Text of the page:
How Is Night-Eating Syndrome Different Than Binge Eating?

dark kitchen where woman is opening the fridge - Night-Eating Syndrome

Although you might be familiar with eating disorders such as anorexia nervosa or bulimia, night-eating syndrome, or NES, is more along the lines of binge eating. However, it’s still a different disorder altogether, and anyone who suffers from it requires comprehensive individualized treatment.

Understanding Night-Eating Syndrome

People are often surprised to learn that NES was first recognized in 1955—and then largely ignored for another 40 years. As of 2015, the American Psychiatric Association (APA) Diagnostic Statistical Manual−5 (DSM-5) classifies NES as an Other Specified Feeding or Eating Disorder (OSFED).

Frontiers in Psychology (FIP) details more signs and symptoms of NES, which we provide verbatim. Individuals often experience:

  1. Evening hyperphagia, defined as the consumption of 25 percent or more of total daily caloric intake after the evening meal, and/or two nocturnal ingestions on average per week.
  2. Awareness of one’s eating behaviors and ingestions.
  3. Three of the following: (i) morning anorexia, (ii) the desire to eat between dinner and sleep, (iii) sleep onset insomnia, (iv) the belief that one needs to eat in order to fall asleep, (v) depressed or lowering of mood in the evening and night time.
  4. Distress or impaired functioning.
  5. A period of three months or more under these conditions.
  6. These conditions are not secondary to any medical condition.

Hormonal issues, high stressors, and difficulty calibrating the sleep-wake cycle might also contribute to the NES development. The National Eating Disorder Association provides an extensive list of possible behaviors associated with this syndrome.

According to WebMD, “NES affects a little more than 1 in 100 people. If you’re obese, there’s about a 1 in 10 chance you have it.” Although the full reasons for developing the syndrome aren’t clear, WebMD notes that “you’re more likely to have night eating syndrome if you’re obese or have another eating disorder. A history of depression, anxiety, and substance abuse are more common in people with NES.” There’s also speculation that a defect in PER1, a gene that helps regulate your body clock, might also be a risk factor for NES.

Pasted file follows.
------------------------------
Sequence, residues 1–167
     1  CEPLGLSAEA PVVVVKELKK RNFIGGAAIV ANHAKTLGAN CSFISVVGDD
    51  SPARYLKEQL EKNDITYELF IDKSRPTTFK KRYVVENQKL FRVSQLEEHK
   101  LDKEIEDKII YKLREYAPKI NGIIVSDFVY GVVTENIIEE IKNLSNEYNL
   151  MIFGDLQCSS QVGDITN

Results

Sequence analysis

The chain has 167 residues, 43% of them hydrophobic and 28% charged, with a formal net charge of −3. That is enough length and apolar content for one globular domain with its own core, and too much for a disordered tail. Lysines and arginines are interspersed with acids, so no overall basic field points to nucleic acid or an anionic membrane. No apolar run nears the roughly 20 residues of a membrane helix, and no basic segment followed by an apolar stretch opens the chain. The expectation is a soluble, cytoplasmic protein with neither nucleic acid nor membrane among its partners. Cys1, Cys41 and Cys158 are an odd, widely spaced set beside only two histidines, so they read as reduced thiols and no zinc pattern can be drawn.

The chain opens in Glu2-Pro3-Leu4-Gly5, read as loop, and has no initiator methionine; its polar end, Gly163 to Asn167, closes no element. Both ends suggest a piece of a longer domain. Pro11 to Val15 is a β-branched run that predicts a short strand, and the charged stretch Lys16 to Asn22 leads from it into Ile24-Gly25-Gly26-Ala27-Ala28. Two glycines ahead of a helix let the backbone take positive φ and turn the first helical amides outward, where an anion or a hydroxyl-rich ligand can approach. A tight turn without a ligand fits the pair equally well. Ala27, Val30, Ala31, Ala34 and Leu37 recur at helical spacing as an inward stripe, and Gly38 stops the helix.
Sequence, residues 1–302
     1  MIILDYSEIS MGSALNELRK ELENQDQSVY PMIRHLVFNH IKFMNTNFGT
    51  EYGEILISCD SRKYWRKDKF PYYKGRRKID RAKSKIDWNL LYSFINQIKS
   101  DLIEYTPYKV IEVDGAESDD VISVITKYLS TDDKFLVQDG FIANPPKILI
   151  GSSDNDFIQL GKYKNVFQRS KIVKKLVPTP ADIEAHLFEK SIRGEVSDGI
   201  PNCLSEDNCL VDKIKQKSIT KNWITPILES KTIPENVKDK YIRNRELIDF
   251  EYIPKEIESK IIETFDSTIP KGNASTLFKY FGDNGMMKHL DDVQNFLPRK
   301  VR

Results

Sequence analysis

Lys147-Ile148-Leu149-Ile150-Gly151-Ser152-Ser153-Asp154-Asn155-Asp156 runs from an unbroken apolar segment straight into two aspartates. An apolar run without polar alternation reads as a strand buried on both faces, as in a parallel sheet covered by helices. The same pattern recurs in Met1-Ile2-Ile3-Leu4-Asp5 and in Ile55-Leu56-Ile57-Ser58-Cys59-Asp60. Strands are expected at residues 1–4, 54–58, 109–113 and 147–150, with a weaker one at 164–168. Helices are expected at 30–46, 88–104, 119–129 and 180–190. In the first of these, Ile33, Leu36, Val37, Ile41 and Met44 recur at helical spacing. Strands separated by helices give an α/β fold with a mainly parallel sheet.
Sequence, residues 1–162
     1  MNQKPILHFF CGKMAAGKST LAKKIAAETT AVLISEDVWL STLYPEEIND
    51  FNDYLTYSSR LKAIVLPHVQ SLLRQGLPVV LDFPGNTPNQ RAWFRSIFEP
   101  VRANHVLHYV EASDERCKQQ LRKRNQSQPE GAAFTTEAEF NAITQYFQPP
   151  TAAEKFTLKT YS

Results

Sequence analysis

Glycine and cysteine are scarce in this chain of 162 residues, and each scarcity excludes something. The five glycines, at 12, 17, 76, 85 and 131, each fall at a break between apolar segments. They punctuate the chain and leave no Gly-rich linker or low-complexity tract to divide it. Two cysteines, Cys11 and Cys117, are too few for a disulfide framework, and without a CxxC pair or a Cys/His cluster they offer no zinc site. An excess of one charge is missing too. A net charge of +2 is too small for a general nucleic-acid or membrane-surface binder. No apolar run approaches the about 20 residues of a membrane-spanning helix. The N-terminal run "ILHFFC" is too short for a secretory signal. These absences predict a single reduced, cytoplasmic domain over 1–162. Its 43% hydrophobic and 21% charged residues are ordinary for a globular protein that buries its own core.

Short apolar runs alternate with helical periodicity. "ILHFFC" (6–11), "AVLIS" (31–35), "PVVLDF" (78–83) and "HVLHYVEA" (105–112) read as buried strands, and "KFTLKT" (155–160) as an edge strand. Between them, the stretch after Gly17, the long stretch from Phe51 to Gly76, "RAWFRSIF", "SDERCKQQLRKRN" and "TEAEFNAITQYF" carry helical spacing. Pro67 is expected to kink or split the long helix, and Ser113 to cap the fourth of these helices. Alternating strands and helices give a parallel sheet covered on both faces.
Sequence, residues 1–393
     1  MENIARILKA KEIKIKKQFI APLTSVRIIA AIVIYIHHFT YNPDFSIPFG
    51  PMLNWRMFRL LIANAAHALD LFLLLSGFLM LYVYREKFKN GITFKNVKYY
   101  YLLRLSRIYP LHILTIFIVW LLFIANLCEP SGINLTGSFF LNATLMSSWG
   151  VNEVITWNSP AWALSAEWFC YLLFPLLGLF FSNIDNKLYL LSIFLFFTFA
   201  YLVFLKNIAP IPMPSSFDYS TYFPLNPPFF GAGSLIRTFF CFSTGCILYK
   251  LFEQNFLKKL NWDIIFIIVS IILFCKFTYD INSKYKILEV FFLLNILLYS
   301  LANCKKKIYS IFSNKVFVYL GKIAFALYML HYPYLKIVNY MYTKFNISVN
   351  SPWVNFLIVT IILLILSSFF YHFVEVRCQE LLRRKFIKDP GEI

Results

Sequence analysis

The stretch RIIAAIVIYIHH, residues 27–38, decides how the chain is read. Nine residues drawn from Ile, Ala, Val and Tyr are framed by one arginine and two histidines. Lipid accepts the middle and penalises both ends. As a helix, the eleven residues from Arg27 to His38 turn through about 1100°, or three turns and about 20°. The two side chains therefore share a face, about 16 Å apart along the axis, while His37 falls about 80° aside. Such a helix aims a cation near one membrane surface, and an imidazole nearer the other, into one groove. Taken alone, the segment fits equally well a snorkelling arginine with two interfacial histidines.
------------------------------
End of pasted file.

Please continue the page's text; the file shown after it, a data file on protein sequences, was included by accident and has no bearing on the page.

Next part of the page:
Currently, there isn’t any qualitative data as to whether the condition is more prevalent in women, men, or non-binary individuals.

While depression and obesity might be common symptoms NES and binge-eating disorder (BED) share, FIP states the difference between the two disorders is time and intake. “While BED patients experience “Loss of Control” (LoC) overeating and consume uncharacteristically large meals, NES patients tend to retain their control and “snack” at atypical times, i.e., at night or after the evening meal.” However, FIP also points out that more research is necessary to truly distinguish characteristics of each disorder.

Treating Night-Eating Syndrome

A clinical overview of the condition published in 2012 indicates that “the host of symptoms associated with NES makes the syndrome best conceptualized as a combination of eating, sleeping, mood, and stress disorder features. Using the proposed criteria can help standardize NES assessment and diagnosis, and can create a framework for future research of NES characteristics and treatments.”

Since less is known about NES than other clearly classified eating disorders, each case presents a new treatment challenge. To determine NES, healthcare professionals start by evaluating a person’s eating and sleep habits, and perhaps asking them to undergo a sleep test. WebMD says “to be diagnosed with NES, you need to overeat at night for at least three months. The eating and sleeping patterns also can’t be due to substance abuse, a medical disorder, medication, or another psychiatric issue.”

Currently, the most common NES treatment includes a combination of:

  • Cognitive behavioral therapy and/or dialectical therapy
  • Alternative and holistic therapies, such as progressive muscle relaxation and phototherapy (light therapy similar to what’s used for seasonal affective disorder or SAD)
  • Medication, especially if sleep aids are recommended to reset a person’s circadian rhythm or an evaluation also discovers anxiety and depression
  • Supplements, such as melatonin, to help recalibrate sleep patterns

The best way to get effective treatment for NES is to be open and honest about eating behaviors, especially if you’re concerned you might have a health issue.

Find Comprehensive Care at Cottonwood Tucson

Eating disorders should always be taken seriously, as they’re often an outward sign of internal pain, and have a severe impact on health in the long run. The board-certified staff at Cottonwood Tucson combines quality physical and psychological care with compassion and education to help each person redefine wellness and live a better life. Ask how we can help you or a loved one find clarity and renewed joy.

Considering Tucson, Arizona addiction rehab? For more information about Cottonwood Tucson, call (800) 877-4520. We are ready to help you or your loved one find lasting recovery.

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